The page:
Australia tries what connections feel could be his ideal distance of just over a mile and quarter for the first time in the Juddmonte International at York on Wednesday.
A son of Galileo out of the brilliant race mare Ouija Board, Australia has shown he can mix it at the top level over a mile and a mile and a half so far this season.
His close-up third behind Night Of Thunder and the brilliant Kingman in the 2000 Guineas reads well given a mile was always likely to be on the sharp side for him and he did what he was bred to do by winning the Epsom Derby before a similarly dominant display in the Irish equivalent.
Trainer Aidan O'Brien pitches his stable star into all-aged company for the first time on the Knavesmire tomorrow and is keeping his fingers crossed he is fit enough having been off the track since the end of June.
O'Brien said: "Australia had a break after the Curragh and everything has gone well with him since then.
"Obviously, he is a good bit heavier than he was in the Derbys and I suppose that just makes you a little bit more anxious. So, really, he is just ready to go away and obviously we would imagine that he would come on a lot from the run.
"We always felt this was his trip. He is a very strong traveller - he has a high cruising pace."
Australia is joined in the six-strong field by fellow Ballydoyle runner Kingfisher, who has made the pace for his esteemed stable companion at both Epsom and the Curragh, even managing to keep going for second in the Irish Derby.
"Kingfisher is in good form. He will be very happy to roll along if nothing else does. He ran in the two Derbys with him (Australia) and is a very tough, sound and genuine horse that doesn't mind bowling along," said O'Brien.
"He is obviously running on his merits - he is a Dee Stakes winner, so he is a very legitimate horse. But like I said, he doesn't mind bowling along - he'd be very happy just to roll along, nice and sensible. And I think that will be good for everybody if that is the case.
"Maybe somebody else will be happy to do it. But he is happy to do it if nobody is. It will just be, hopefully, a nicely-run race."
Mukhadram ran an excellent race in defeat when third in the King George VI And Queen Elizabeth Stakes and trainer William Haggas believes his stable star has perhaps not received the recognition he deserves.
He said: "Mukhadram ran a great race at Ascot. He is a tough, genuine horse and I think is he is a little underrated.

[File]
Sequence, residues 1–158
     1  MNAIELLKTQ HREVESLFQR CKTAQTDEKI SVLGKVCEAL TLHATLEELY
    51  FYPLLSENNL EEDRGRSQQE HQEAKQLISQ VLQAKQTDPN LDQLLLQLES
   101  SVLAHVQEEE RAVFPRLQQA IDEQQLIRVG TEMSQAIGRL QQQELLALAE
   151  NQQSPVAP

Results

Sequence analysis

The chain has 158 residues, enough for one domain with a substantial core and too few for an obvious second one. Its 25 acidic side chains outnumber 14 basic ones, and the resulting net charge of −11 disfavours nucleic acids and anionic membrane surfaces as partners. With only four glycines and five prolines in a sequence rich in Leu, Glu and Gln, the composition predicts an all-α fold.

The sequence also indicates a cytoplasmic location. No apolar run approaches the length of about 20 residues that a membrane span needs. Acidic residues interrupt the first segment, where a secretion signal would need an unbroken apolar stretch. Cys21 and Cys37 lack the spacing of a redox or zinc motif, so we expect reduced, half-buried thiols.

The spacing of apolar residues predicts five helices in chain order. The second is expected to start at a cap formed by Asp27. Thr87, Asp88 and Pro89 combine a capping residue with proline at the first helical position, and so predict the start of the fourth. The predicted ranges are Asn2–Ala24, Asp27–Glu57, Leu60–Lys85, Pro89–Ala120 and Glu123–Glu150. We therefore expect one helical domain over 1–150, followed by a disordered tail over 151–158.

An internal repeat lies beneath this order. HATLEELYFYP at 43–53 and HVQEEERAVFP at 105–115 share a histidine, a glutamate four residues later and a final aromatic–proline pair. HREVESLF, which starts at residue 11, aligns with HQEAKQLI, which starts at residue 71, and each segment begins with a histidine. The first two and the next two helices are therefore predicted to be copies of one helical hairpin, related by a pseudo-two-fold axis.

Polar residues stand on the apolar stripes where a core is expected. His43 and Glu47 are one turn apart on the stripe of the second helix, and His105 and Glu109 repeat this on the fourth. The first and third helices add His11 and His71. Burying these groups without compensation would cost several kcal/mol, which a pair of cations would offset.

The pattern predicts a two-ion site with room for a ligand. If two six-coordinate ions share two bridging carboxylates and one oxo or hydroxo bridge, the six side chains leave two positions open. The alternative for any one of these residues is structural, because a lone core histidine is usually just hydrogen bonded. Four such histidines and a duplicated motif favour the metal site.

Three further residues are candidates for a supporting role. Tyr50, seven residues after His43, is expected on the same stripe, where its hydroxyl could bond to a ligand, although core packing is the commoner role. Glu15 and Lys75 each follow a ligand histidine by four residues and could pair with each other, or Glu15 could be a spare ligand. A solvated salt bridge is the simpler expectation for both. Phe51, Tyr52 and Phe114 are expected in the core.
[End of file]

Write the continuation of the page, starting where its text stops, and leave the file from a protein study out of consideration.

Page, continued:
"We hope it doesn't get soft but he's in great form and goes there in great shape.
"I feel it's my job to get him there in the best condition I can and I am very happy with him."
Mukhadram carries the colours of owner Sheikh Hamdan Al Maktoum and his racing manager, Angus Gold, believes the five-year-old is perhaps better suited by the mile and a quarter he faces tomorrow than the mile and a half he raced over at Ascot.
"William is thrilled with him. He's a fabulous horse to have because he's so consistent. He's tough and genuine and loves his racing," Gold told At The Races.
"Physically he was always going to make a better older horse and on his pedigree as well he was always going to get better. That's exactly what he's done.
"Mentally he's very good. He's very professional about it. He enjoys his work.
"Hopefully he'll give a very good account of himself.
"Dane (O'Neill) said he thought it (mile and a half) stretched him. On pedigree he should have stayed, but you never really know until you try and he's a horse who travels very strongly and has a kick.
"Maybe a mile and a half just stretches him that little bit."
Asked about plans for the rest of the year, Gold said: "Sheikh Hamdan has said let's deal with York first, see how he runs there and then make a plan.
"The Champion Stakes would be a fabulous race to win if he was good enough for that, but he's got options like the Cox Plate or if he wanted to try the Breeders' Cup, so we'll see."
Sheikh Hamdan's retained rider Paul Hanagan gets back aboard Mukhadram at York having sided with Taghrooda in the King George, a decision which proved correct as the Epsom Oaks heroine secured a brilliant victory.